Diabetes and Erectile Dysfunction: What’s the connection?

Diabetes and Erectile Dysfunction: What’s the connection?

Erectile dysfunction is basically a disorder found in men which could be a sign of physical or psychological condition. The symptoms associated with this disorder is found in men’s reproductive organ i.e. inability to keep an erection firmer and longer enough during a sexual activity.

The causes of erectile dysfunction includes a number of reasons be it physical, psychological, and sometimes even both. One of the main cause of erectile dysfunction is men dealing with diabetes.

As per studies, around 35-37% of men dealing with diabetes will get affected by erectile dysfunction earlier than men without diabetes.

What is Diabetes?

Diabetes is a chronic condition that occurs either when your pancreas are unable to produce enough insulin or when your body cannot effectively use the insulin it produces to regulates the blood glucose. Hyperglycemia, also called raised blood glucose/sugar level, is a common effect of diabetes that is not controlled. Overtime, it can lead to serious damage to many systems and parts of our body which typically includes nerves and blood vessels.

Diabetes affected 8.5% of adults over the age of 18 in 2014. Diabetic complications directly caused 1.5 million deaths in 2019; 48% of these deaths occurred before the age of 70. Diabetic kidney disease results in 460 000 deaths, and raised blood glucose contributes to around 20% of cardiovascular deaths.

Age-standardized mortality rates from diabetes increased by 3% between 2000 and 2019. The death rate due to diabetes increased by 13% in countries with lower-middle incomes. Between 2000 and 2019, the probability of dying from any of the four main noncommunicable diseases (cardiovascular diseases, cancer, chronic respiratory diseases, and diabetes) decreased by 22% worldwide. 

Type 1 Diabetes

Diabetes Type 1 (previously known as insulin-dependent, juvenile or childhood-onset) is characterized by low insulin production and requires daily insulin administration. In 2017, there were 9 million people living with type 1 diabetes; the majority are in high-income countries. We do not know what causes it or how to prevent it.

The most common symptoms are excessive excretion of urine (polyuria), thirst (polydipsia), constant hunger, loss of weight, and changes in vision.

Type 2 Diabetes

It is caused by the body’s inefficiency in using insulin, which is formerly called non-insulin-dependent diabetes. Approximately 95% of diabetics have type 2 diabetes. This type of diabetes is largely the result of excess body weight and poor lifestyle choices.

The symptoms are similar to those of type 1 diabetes, but are often less pronounced. Therefore, the disease may be diagnosed years after onset, after complications have already developed. This type of diabetes was previously seen only in adults, but is becoming increasingly common among children.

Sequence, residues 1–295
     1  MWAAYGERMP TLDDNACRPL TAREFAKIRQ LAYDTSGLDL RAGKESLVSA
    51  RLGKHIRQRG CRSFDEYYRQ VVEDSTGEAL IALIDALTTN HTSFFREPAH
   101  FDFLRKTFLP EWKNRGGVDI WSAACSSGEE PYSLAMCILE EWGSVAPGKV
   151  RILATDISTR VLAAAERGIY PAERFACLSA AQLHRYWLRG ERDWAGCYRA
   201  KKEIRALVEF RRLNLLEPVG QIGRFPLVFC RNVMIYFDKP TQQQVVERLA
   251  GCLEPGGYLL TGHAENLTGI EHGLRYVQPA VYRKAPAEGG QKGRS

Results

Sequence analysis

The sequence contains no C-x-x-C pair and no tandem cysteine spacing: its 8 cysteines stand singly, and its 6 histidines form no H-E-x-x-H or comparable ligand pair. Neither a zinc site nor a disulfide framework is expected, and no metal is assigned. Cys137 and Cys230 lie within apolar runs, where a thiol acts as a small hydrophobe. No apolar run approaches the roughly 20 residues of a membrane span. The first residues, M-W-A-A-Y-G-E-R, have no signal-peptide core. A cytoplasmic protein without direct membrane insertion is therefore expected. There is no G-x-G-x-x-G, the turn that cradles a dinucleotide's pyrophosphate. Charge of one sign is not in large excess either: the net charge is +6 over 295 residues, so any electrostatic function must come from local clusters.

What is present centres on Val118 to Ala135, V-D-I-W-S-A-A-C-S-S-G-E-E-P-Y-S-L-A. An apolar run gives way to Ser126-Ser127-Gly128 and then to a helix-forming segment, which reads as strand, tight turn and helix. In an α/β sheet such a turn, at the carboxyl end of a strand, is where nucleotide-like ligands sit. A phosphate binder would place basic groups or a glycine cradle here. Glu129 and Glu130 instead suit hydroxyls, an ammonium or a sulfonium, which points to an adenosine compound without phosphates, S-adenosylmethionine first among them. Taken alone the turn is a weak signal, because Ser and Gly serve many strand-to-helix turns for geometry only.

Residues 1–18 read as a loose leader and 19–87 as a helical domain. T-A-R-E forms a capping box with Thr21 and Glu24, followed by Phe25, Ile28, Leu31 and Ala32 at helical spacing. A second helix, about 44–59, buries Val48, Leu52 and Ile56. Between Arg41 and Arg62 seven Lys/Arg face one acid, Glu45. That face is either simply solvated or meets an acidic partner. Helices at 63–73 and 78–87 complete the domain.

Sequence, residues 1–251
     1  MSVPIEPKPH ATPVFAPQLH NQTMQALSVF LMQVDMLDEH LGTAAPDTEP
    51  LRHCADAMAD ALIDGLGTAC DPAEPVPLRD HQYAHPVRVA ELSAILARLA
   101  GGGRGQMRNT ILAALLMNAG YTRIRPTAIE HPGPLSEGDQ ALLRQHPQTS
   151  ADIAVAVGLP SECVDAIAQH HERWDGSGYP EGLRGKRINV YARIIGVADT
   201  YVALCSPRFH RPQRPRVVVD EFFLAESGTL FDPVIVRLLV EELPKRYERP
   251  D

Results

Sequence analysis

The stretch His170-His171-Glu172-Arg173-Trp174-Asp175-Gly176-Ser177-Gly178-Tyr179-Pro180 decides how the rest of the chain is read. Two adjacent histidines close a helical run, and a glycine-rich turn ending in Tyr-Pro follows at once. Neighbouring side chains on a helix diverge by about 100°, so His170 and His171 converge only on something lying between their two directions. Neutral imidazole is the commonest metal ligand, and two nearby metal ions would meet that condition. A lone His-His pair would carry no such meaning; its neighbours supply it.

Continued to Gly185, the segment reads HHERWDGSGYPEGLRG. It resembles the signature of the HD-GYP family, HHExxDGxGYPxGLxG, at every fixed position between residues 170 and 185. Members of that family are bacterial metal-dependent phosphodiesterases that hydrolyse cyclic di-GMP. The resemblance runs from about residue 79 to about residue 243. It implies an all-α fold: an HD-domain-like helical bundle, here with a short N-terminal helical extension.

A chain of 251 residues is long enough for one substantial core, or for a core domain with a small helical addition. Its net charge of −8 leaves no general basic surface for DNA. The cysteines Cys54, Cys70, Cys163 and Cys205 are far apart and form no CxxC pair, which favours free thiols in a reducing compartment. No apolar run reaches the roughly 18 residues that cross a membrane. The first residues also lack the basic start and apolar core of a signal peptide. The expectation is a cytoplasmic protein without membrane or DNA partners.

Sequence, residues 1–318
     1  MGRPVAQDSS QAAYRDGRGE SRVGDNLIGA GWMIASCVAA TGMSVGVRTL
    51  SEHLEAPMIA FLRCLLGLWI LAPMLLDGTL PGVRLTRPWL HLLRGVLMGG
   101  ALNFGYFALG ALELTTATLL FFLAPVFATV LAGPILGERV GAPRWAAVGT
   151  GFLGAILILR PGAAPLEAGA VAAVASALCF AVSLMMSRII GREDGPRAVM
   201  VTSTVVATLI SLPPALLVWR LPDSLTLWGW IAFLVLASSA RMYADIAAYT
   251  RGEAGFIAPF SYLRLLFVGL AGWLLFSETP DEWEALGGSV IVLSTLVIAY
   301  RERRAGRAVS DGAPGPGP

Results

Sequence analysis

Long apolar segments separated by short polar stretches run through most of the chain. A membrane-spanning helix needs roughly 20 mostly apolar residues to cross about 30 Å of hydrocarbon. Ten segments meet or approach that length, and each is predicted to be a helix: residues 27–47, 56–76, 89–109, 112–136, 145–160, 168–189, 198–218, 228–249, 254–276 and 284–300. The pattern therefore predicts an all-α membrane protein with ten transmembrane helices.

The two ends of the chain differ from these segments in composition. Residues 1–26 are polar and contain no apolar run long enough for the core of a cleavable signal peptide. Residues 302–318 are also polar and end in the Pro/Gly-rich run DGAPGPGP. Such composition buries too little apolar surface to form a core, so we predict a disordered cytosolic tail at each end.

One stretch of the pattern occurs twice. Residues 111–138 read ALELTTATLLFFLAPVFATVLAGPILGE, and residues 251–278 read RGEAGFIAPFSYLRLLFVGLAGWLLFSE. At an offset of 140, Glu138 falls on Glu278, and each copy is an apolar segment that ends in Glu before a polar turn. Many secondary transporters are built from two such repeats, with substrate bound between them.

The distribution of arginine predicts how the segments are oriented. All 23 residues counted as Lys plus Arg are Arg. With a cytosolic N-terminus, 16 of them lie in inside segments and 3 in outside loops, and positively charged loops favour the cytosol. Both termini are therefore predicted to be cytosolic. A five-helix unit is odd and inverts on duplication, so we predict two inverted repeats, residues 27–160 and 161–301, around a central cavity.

Diabetes and Erectile dysfunction

It is believed that diabetes is associated with ED because it affects the circulation and nervous system. The blood sugar levels in the body should be controlled properly in order to avoid damage to the small vessels and nerves. An erection that is firm enough to engage in sexual interaction can be impeded by damage to the nerves that control sexual stimulation and response. It is also possible for ED to be caused by reduced blood flow from damaged blood vessels.

Sexually aroused men release a chemical called nitric oxide into their bloodstreams. A large amount of blood flows into the penis thanks to this nitric oxide, which relaxes the arteries and the muscles there, resulting in erection. Diabetes patients often struggle with blood sugar swings, especially if their condition isn’t managed well.

Blood sugar levels become too high, causing nitric oxide production to slow down. An erection cannot be achieved or maintained if there is not enough blood flowing into the penis. Those who suffer from diabetes often have low levels of nitric oxide.

While men who experience occasional erectile difficulties can eventually develop ED permanently, this is rarely the case. The combination of adequate sleep, quitting smoking, and reducing stress may still help you overcome ED if you have diabetes.

Preventing erectile dysfunction through Diabetes

Control your blood sugar: Your blood sugar levels will be better controlled when you eat a diabetes-friendly diet, and your blood vessels and nerves will be less damaged. Erectile dysfunction can be reduced by eating a diet that is geared towards keeping your blood sugar levels in check. Nutrition can also improve your mood and energy levels, both of which can reduce the chances of developing erectile dysfunction. A dietitian who is also a certified diabetes educator may be able to help you adjust your eating style.

Treatments for Men With Diabetes and Erectile Dysfunction

If you have diabetes and are having trouble getting and/or keeping an erection, you can take oral medications like avanafil (Stendra), sildenafil (Viagra), tadalafil (Cialis), and vardenafil (Levitra).

Diabetes patients also tend to have problems with their hearts, so these medications may be inappropriate for them and could interact with heart medications in a dangerous way. Determine what treatment is best for you with the help of your doctor.

Among the treatments men with diabetes could consider are intracavernous injections, vacuum erection devices (not constriction devices), venous constriction devices (for venous leak syndrome), intraurethral therapy, penile prostheses (inflatable and malleable), and sex therapy.

Details on such treatments are discussed in other ED related blog on this website. Feel free to learn something new from us.


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